CHRONOLOGY OF THE HISTORY OF NIPPON
-7500 to –4500: This period is known in the Nipponese religion of Jinto as the Age of the Kami. It is claimed that the kami descended from heaven and created the world. This was when the gods walked the earth and forged it according to their desires.
-4500 to –4400: The War of the Nether Plains. According to Jinto the Demon World invaded the mortal world with the intention to destroy what the kami had made. Then it is told that the mythical Celod-No-Dami sealed the Daemons in a cave on the mythical island of Kindou.
-3000: High Elves found Tor Elithis. Nippon at this time was nothing but a wild island off the coast off the continent that would be known very soon as Cathay. High Elves make cursory explorations in and around Nippon but do not take any great steps to colonise the place. Tiny outpost of Tor Aydin is founded on extreme western tip of Nippon.
-2000: The Rise of Cathay. Various independent kingdoms in the Far East begin developing a sophisticated culture but unity is still some way off. The Cathayans develop rice cultivation, basketry and the domestication of cattle and water buffalo. At this time the Nipponese develop a nomadic culture of hunting, fishing and gathering.
-1300: According to the Jinto chronicles it is said that Genji-no-Taishogun claimed direct descent from the Sun God and founded the imperial family. Formation of settlements and the foundation of Nara (future city of Makudo). Growth of primitive nature religion, forerunner of Jinto.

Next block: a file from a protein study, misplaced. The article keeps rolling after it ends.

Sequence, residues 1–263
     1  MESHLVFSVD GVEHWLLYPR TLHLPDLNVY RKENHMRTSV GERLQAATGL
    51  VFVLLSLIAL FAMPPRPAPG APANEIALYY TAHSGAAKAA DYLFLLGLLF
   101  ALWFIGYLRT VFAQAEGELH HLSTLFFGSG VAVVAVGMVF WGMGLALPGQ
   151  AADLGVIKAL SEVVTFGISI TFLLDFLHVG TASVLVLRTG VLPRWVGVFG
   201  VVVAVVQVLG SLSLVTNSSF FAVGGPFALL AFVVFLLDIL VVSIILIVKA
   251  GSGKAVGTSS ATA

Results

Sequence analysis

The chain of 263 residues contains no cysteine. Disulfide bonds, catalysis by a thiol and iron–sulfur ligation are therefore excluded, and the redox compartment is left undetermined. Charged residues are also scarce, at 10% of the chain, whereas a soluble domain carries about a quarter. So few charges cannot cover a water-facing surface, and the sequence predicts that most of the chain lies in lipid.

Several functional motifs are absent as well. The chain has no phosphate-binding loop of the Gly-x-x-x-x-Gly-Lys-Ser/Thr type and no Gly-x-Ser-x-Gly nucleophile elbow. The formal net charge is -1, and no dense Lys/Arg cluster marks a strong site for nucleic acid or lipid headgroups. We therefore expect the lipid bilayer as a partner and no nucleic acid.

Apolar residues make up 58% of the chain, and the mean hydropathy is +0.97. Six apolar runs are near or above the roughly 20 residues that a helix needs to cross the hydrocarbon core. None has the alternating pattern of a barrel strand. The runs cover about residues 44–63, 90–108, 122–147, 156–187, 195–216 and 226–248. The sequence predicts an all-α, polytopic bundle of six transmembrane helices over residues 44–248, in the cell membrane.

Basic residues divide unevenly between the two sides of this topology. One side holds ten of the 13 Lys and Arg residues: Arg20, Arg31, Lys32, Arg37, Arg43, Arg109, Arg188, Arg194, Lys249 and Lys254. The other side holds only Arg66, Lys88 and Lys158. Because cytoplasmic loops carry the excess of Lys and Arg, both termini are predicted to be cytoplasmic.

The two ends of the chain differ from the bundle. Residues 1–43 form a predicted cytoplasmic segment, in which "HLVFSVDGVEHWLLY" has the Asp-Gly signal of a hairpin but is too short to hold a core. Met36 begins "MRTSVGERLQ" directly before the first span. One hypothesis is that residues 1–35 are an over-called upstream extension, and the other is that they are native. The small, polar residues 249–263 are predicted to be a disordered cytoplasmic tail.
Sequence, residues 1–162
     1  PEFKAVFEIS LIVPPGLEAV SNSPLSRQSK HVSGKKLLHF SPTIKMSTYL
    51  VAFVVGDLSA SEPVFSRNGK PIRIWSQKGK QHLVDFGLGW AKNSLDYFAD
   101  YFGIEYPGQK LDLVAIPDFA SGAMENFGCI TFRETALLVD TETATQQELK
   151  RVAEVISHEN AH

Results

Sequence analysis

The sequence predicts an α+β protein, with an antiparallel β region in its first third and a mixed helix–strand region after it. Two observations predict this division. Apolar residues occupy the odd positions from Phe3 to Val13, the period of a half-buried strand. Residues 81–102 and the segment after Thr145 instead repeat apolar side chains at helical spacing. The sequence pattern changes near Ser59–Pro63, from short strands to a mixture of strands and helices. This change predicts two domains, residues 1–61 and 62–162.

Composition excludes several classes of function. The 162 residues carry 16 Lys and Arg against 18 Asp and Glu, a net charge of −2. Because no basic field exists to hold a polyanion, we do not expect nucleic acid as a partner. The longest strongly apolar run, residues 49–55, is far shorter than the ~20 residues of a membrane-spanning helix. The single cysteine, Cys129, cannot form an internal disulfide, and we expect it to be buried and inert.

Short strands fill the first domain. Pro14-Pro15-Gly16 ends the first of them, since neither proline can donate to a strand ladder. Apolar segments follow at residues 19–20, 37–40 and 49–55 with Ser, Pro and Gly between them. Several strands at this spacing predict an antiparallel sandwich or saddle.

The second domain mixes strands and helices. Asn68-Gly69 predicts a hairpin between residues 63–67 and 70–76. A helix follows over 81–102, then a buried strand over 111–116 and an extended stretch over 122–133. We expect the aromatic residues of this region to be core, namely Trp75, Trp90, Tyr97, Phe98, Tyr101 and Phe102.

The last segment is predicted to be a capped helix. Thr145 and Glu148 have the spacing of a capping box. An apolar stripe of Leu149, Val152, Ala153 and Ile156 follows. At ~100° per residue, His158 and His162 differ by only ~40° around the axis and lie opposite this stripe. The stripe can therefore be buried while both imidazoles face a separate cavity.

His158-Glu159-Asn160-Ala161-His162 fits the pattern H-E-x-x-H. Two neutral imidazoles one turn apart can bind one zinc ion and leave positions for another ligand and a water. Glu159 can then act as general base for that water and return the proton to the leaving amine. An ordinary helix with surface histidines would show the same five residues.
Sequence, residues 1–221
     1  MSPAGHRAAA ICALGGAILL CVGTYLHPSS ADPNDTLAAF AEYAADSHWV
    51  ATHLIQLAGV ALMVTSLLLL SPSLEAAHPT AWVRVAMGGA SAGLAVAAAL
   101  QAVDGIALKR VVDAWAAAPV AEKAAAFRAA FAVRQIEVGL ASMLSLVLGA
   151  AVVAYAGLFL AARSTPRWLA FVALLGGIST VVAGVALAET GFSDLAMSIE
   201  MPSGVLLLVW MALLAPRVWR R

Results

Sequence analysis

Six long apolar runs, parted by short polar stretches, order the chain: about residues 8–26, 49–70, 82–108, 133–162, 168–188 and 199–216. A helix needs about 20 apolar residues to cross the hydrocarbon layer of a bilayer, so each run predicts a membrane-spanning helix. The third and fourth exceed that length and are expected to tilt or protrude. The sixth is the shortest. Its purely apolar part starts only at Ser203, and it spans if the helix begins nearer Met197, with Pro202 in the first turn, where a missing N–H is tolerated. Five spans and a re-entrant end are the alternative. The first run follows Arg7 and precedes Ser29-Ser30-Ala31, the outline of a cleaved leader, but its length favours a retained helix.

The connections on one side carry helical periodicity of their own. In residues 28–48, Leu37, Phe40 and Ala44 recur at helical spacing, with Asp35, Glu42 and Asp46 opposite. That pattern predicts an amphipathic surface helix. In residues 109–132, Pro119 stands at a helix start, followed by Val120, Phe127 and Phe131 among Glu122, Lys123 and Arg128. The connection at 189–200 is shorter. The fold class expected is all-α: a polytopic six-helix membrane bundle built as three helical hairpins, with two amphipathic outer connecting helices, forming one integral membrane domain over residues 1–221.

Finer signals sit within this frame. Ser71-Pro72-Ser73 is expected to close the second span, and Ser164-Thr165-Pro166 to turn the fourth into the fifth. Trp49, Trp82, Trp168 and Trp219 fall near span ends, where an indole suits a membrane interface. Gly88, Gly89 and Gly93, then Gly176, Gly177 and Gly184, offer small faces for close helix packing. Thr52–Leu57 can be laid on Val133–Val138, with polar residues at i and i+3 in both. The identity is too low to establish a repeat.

-1000: Development of small independent kingdoms and some tendency towards unification. The western province of Yamanashi becomes the most powerful of the coastal kingdoms led by descendents of Genji.
-500 to -470: The Khan-Goblins of the Eastern Steppes invade the western coast of Nippon. They sack many of the fledgling kingdoms of Nippon and conquer the Yamanashi region. Emperor Dogen Takajui escapes the sacking and flees into hiding in the east with a small army. The Khan-Goblins enslave those they do not kill and found their own kingdom in the heart of Nippon. The first Jinto temple is desecrated causing rebellion, which is subsequently brutally quashed. Emperor Dogen sides with the powerful eastern Prince Shotoku and helps defeats their enemies. Shotokun, the eastern capital’s name (future Hyudo), becomes powerful military base. In –470 Emperor Dogen and Prince Shotoku defeat the Khan-Goblins, driving them into the forests and highlands, and liberate Yamanashi. Prince Shotoku becomes first Seii-Taishogun of Nippon. West and East are united.
-470 to -100: Nara renamed Makudo. Beginning of the Makudo period. Shotokun renamed Hyudo. High Elves meet the Nipponese for the first time after 2000 years of isolation.
-100 to 0: Eastern Steppe barbarians invade Nippon for the next 100 years but are defeated.
0 to 300: Disputes in Imperial family over succession to throne threaten Makudo power.
300 to 500: Makudo power restored by Prince Hojo. First attempts at establishing a constitution and a system of official ranks. Hojo promotes Jinto as well as some Cathayan religions. Numerous temples built.
500 to 600: High level of culture is achieved from the blending of Cathayan and Nipponese elements. Silver and copper coins minted.
600: Rise of the Kamatari family to power behind the throne.
800 to 1000: With increasing Kamatari power, government by regents become the rule. Court comes to occupy a merely ceremonial role, losing control over country. Public welfare increasingly disregarded. In provinces, governors become corrupt and lazy. Owners of manorial districts form bands of warriors for self-defence, creating the beginnings of the samurai system.
1000 to 1100: Government degenerates to an unrealistic despotism preoccupied with the proliferation of temples, while public welfare is ignored. Court aristocracy largely ineffective and corrupt. Local clans become increasingly powerful on basis of samurai system. Among them the Ashigaka and Heishi families lead. Monasteries also maintain military forces. Imperial struggles for power and other factors finally bring ascendancy to the Heishi family, but after a quarter of a century's power, Heishi are in turn defeated by Ashigaka.